LEDs are spearheading the next wave of innovation in medicinal cannabis cultivation

LEDs are spearheading the next wave of innovation in medicinal cannabis cultivation

More and more countries are relying on the medical effects of cannabis. Medicinal cannabis cultivation and the exact ingredients are due to the right light.

Think, for a minute, of all the qualifying medical conditions for which cannabis has been prescribed to manage pain, reduce inflammation, stimulate appetite or otherwise treat a symptom. Cancer. HIV/AIDS. Hepatitis. Crohn’s disease and ulcerative colitis. Epilepsy. Arthritis. Fibromyalgia. Glaucoma. Dozens more neurological, digestive, skeletomuscular and autoimmune diseases and conditions that are simply too numerous to list here.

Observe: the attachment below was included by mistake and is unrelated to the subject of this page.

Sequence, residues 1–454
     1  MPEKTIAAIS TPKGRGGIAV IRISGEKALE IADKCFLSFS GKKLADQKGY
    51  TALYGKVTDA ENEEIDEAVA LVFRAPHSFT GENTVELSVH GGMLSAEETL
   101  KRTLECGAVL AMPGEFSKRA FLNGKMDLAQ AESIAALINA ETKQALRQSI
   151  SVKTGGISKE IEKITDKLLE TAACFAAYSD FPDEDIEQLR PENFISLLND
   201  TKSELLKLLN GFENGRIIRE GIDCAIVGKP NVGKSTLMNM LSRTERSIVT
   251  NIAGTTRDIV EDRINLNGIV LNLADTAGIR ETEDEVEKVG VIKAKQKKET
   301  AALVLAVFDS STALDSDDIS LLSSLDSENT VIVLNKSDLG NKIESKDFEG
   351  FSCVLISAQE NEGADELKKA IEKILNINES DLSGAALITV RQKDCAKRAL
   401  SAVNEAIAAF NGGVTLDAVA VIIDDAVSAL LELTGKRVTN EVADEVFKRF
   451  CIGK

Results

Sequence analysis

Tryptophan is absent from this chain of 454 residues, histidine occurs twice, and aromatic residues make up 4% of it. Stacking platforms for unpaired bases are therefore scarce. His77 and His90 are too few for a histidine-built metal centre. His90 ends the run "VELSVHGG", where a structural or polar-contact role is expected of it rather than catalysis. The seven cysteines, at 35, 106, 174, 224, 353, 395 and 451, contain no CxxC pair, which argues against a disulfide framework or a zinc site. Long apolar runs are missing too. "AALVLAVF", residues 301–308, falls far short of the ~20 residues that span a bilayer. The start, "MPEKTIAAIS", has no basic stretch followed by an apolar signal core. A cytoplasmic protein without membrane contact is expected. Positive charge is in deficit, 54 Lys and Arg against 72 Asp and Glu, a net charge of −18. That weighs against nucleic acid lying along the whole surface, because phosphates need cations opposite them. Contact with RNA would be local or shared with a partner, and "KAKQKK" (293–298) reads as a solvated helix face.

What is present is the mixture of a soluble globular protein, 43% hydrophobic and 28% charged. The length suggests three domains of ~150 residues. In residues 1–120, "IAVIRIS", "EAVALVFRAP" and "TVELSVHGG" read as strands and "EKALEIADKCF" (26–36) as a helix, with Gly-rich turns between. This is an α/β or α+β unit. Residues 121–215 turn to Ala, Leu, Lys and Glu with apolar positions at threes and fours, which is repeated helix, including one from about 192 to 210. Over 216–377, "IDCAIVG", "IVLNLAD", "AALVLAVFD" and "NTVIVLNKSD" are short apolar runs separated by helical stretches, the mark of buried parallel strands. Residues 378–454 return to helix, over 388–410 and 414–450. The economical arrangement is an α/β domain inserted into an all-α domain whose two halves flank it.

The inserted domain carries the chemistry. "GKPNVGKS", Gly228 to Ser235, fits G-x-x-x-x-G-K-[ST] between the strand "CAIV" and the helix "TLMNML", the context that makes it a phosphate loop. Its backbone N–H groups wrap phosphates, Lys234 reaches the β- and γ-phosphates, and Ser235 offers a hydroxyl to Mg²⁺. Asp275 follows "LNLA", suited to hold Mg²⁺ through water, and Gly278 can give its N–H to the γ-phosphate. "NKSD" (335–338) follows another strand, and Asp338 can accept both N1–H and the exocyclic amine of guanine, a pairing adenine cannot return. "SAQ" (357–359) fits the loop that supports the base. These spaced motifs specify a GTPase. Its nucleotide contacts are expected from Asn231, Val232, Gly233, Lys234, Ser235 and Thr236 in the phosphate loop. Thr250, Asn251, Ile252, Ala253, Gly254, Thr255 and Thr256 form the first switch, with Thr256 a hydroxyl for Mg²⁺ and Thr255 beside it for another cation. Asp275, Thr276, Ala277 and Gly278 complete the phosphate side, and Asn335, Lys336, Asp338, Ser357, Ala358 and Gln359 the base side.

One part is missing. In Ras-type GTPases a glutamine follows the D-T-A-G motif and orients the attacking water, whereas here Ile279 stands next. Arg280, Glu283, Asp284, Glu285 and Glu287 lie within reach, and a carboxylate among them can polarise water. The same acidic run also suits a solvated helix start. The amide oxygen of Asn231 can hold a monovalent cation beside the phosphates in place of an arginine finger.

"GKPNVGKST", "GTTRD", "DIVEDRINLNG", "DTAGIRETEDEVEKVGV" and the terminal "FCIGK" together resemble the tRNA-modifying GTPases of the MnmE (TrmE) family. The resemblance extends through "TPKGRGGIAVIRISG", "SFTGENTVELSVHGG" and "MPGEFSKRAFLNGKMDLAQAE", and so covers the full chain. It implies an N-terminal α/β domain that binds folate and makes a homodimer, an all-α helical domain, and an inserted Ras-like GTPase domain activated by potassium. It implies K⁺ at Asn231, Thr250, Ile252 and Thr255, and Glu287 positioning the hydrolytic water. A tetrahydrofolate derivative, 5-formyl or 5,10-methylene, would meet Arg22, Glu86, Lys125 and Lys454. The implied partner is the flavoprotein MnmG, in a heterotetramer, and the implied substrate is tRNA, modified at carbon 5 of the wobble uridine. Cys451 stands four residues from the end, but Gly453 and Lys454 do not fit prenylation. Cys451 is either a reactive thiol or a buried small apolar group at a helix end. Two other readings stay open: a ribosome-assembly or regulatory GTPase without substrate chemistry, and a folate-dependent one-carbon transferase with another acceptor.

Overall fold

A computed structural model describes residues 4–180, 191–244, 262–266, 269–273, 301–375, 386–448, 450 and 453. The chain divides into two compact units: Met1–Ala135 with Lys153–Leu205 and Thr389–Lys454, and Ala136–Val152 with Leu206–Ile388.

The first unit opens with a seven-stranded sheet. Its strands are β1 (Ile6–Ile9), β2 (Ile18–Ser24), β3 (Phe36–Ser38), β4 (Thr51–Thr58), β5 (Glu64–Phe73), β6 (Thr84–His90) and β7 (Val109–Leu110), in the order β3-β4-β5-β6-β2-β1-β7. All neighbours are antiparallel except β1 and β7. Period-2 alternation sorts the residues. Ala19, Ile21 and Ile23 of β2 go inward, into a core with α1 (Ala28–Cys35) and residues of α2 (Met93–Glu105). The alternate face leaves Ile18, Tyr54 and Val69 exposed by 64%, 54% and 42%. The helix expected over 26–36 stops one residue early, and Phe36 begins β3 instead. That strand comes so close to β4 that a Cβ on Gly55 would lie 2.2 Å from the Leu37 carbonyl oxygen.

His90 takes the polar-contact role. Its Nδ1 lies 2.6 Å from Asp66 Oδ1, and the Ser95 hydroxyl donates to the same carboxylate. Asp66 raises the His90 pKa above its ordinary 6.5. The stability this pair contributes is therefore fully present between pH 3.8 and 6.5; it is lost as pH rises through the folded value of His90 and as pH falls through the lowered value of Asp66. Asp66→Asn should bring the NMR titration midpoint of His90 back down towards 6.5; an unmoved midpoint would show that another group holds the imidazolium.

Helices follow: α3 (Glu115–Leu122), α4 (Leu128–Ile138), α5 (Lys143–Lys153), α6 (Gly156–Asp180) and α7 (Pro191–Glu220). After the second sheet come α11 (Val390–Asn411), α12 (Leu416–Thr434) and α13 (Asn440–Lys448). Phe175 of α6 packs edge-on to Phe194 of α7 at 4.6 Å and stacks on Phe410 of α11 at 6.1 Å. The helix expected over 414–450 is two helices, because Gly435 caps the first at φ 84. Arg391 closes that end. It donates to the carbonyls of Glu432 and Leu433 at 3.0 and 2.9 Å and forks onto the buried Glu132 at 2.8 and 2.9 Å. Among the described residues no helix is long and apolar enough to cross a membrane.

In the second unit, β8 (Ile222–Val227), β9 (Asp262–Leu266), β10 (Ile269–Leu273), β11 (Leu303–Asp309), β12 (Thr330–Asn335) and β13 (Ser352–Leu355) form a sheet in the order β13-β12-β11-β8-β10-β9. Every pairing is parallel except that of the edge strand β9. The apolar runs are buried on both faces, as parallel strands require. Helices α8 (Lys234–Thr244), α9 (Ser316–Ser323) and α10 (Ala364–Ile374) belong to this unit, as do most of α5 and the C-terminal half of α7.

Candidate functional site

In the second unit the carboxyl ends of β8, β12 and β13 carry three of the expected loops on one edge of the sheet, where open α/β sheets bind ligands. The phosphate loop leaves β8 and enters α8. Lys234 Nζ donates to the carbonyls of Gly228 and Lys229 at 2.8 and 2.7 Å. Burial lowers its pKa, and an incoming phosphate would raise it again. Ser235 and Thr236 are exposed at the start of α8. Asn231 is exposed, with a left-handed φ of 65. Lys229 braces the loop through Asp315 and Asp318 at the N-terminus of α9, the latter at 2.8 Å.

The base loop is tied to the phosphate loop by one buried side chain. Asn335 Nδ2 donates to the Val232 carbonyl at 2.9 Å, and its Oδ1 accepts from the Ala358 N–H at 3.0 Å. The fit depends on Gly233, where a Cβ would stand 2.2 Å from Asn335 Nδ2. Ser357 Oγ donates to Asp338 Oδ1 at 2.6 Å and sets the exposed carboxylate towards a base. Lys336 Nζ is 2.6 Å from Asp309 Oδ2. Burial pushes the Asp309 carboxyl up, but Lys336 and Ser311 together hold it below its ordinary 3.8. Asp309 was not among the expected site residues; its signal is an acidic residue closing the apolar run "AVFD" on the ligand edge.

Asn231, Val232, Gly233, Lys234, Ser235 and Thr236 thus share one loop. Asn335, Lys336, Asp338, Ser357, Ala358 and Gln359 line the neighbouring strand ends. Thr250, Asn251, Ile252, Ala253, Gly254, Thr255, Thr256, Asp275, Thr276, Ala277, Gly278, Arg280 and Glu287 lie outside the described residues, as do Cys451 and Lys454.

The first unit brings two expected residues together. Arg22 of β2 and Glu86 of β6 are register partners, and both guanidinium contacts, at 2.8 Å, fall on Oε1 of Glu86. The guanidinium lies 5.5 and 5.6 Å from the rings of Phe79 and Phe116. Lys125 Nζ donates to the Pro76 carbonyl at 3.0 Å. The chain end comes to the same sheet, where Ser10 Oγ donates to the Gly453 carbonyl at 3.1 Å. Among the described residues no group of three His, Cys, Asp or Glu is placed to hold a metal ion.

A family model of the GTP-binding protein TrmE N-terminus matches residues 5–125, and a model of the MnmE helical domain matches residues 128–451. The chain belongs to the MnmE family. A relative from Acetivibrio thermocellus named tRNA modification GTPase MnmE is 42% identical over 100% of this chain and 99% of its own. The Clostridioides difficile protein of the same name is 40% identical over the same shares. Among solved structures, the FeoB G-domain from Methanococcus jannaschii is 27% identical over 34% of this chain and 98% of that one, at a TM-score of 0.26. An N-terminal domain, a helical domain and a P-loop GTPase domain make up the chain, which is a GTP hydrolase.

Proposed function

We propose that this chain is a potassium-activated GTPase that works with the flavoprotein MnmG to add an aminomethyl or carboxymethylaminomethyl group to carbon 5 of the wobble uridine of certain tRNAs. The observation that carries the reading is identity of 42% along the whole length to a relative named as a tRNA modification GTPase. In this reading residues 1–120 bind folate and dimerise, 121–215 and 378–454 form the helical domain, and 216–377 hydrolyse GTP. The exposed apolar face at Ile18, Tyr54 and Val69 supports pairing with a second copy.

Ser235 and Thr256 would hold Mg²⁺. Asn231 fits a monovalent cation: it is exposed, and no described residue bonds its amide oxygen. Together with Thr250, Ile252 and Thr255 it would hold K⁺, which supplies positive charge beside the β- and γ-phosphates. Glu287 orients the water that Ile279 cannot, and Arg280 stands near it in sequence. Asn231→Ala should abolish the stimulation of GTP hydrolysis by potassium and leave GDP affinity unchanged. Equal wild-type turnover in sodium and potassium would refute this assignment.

Now consider the more than 100 cannabinoids present in cannabis. There are the ones everyone knows about, tetrahydrocannabinol and cannabidiol. But there are dozens of others that interact with the endocannabinoid system in different ways – as agonists or antagonists to CB1 and CB2 receptors – each with unique sedative, analgesic, antiproliferative, antioxidative, anti-inflammatory and antispasmodic properties, among others.

These various cannabinoids can be so effective at managing such a wide range of medical conditions because of the natural prevalence of the endocannabinoid system in the human body. CB1 receptors, whose interaction with cannabinoids like THC produce the psychoactive effects for which cannabis has drawn such a negative stigma in the past, are expressed primarily in the central nervous system. CB2 receptors, meanwhile, are expressed in the body’s white blood cells, giving the endocannabinoid system a large role in modulating inflammation and pain.